School sports' cuts have drastic consequences, group says
A new report says that $2 billion in cuts to school-based sports and physical education programs are contributing to a range of problems afflicting the nation's youth, including obesity, violence and academic failure.
The report by Up2Us, a New York City-based coalition of groups lobbying to save such programs, was released last week as more than 150 researchers, coaches and leaders of nonprofit groups gathered in Washington for a conference on the fate of youth sports in an age of budget cuts.
"Youth sports is in serious decline in this country," said Brian Greenwood, co-author of the study and an assistant professor at California Polytechnic State University, San Luis Obispo. "We can't afford that potential negative impact. If a kid doesn't have somewhere to go, something to do to occupy their time, unfortunately what they do more often than not is they end up in trouble."
The $2 billion figure cited in the report was extrapolated from 23 school district budgets. Most Washington area schools have not lost many sports programs yet. Last year, players, coaches and parents rallied to reverse some districts' proposals to slash sports and collect participation fees.
But athletics during and after school hours in the District already are bare-bones compared with its suburban counterparts, advocates said. About half of the city's middle and high schools teach required physical education courses for all grades; in Maryland, three-quarters do so, according to the federal Centers for Disease Control and Prevention.
"A lot of stuff happening during the school day is strict test-prep and all that's needed to get kids up to the standards," said Amy Nakamoto, executive director of DC Scores, a nonprofit that provides after-school programs in soccer and poetry for more than 700 students at 23 public and public charter schools in the District. "We provide a service that the school district's not able to provide right now."
District nonprofits already are helping to shoulder the burden of providing opportunities to exercise. DC Scores, for example, has hired 80 public and charter school teachers to run its after-school programs and, at a cost of $90,000 a year, runs a soccer league for middle-schoolers.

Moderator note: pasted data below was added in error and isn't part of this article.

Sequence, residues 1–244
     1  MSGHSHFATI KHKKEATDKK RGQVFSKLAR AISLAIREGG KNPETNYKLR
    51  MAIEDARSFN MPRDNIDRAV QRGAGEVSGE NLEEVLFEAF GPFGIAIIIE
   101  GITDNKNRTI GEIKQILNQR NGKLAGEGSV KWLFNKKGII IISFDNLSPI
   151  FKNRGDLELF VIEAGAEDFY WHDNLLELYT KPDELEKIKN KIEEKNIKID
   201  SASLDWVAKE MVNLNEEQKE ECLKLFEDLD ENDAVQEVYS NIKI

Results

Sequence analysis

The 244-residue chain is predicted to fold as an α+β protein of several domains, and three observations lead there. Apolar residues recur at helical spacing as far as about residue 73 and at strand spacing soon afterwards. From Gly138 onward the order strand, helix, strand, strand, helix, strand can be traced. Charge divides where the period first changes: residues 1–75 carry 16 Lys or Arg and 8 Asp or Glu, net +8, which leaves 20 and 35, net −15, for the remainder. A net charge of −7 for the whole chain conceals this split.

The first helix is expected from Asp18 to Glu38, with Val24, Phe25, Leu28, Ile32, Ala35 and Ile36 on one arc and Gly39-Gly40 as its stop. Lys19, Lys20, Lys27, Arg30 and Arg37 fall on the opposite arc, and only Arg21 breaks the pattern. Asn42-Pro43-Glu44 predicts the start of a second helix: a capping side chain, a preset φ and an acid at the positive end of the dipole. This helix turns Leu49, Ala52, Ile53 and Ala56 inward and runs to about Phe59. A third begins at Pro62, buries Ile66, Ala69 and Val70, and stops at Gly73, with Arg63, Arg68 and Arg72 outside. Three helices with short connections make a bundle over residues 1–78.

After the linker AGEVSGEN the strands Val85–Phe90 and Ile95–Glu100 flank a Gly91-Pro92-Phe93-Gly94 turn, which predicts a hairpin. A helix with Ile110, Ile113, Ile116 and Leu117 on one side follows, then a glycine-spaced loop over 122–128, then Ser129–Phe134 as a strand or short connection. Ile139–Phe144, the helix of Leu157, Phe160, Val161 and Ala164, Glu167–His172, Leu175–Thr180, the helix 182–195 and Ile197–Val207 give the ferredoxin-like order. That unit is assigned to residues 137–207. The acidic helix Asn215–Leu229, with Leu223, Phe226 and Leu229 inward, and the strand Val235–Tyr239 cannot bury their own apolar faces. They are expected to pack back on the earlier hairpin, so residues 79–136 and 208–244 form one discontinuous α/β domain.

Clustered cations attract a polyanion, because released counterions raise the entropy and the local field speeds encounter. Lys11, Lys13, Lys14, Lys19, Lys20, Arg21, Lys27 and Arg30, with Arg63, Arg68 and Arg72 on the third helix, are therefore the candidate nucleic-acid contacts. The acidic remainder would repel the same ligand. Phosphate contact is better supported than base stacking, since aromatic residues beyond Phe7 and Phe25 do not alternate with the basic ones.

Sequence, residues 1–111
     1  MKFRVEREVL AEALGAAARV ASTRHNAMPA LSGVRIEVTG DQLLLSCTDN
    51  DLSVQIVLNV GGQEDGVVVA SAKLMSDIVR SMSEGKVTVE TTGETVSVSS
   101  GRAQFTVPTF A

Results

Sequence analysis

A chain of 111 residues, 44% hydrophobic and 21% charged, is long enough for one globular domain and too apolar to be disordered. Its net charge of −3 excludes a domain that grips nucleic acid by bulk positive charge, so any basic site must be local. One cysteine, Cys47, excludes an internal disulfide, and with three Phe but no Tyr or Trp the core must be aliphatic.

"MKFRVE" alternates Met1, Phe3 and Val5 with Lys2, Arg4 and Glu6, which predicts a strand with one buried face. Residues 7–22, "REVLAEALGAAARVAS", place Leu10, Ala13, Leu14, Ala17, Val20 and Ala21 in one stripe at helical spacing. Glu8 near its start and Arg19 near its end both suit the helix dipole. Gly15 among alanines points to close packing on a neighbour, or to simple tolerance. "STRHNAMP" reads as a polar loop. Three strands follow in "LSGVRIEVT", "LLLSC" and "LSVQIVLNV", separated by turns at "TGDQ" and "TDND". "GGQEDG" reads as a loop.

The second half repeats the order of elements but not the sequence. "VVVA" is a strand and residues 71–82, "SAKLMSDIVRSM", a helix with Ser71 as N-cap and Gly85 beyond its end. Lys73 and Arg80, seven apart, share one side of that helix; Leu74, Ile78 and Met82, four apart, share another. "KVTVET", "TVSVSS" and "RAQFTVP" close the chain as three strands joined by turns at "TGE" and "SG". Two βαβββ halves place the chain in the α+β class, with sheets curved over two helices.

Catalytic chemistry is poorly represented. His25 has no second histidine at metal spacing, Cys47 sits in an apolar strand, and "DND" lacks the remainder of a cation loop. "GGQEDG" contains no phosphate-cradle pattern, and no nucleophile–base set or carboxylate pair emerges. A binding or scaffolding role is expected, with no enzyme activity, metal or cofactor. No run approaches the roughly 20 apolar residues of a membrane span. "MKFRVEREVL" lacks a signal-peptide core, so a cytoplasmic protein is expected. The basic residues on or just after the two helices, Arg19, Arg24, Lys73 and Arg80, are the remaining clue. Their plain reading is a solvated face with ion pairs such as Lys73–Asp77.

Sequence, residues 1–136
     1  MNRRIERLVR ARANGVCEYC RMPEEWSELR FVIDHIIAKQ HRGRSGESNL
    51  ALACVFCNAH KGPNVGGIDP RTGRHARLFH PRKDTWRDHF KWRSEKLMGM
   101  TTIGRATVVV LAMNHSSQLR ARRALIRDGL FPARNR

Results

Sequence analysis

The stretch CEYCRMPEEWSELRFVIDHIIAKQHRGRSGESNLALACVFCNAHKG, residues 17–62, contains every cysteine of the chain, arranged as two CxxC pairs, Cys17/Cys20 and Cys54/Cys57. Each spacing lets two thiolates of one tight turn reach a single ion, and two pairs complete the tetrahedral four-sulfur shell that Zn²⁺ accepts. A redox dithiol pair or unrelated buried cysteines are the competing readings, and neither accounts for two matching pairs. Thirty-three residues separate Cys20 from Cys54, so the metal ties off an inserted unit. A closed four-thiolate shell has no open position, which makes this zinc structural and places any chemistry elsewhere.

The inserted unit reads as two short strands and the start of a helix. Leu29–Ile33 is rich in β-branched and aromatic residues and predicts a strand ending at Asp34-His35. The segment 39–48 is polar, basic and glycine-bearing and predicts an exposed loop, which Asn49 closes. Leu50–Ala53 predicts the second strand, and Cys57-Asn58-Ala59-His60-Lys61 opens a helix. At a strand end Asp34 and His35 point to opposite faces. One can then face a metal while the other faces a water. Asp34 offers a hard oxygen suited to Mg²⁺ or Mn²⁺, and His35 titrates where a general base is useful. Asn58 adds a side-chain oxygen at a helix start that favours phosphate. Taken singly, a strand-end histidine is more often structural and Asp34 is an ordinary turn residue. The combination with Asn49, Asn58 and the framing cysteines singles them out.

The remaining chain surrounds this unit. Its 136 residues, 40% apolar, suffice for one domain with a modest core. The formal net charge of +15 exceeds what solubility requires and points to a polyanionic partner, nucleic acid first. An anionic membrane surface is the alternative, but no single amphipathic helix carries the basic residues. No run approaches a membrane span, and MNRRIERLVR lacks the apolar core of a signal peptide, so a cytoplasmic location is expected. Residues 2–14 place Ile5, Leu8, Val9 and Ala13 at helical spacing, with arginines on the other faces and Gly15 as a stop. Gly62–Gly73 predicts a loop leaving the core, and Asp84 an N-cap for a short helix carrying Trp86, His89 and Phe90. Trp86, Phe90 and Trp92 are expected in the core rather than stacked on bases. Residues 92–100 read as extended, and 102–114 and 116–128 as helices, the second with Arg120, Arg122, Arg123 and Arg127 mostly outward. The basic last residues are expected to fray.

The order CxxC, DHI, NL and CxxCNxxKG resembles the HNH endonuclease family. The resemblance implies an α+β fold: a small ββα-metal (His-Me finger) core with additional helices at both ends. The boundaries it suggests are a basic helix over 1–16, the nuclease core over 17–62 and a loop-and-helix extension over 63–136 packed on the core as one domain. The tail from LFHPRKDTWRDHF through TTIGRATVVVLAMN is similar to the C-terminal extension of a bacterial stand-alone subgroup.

Elsewhere in the Washington region, wealthier school districts have managed to keep sports programs largely intact.
In Fairfax County, supporters of high school gymnastics and indoor track saved those sports from elimination this year. But now the district is facing a $176 million projected deficit for next year and Bill Curran, director of student activities and athletics, said he expects to be forced to slice the $4 million sports operating budget in half.
Under consideration are such measures as eliminating freshman and junior varsity teams and charging participation fees of $25 to $100. "It's going to be drastic," Curran said.
Schools in Prince George's County have avoided fees and wholesale elimination of sports, finding other ways to save, according to spokesman MosesAlexander Greene. Starting last year, teams were limited to two scrimmages, allowed to travel no more than 50 miles one way for games and asked to share buses with other teams to reduce transportation costs. At the middle school level, each sport's season was shortened by two contests.
Spokespersons for schools in the District and Prince William, Arlington and Montgomery counties said their programs remained unchanged this year. The latter charges a $30 annual fee for participation in any extracurricular activity.
Loudoun County now charges a $100-per-sport fee to play high school sports, which will raise $770,000. So far, it has not affected participation rates, district spokesman Wayde Byard said.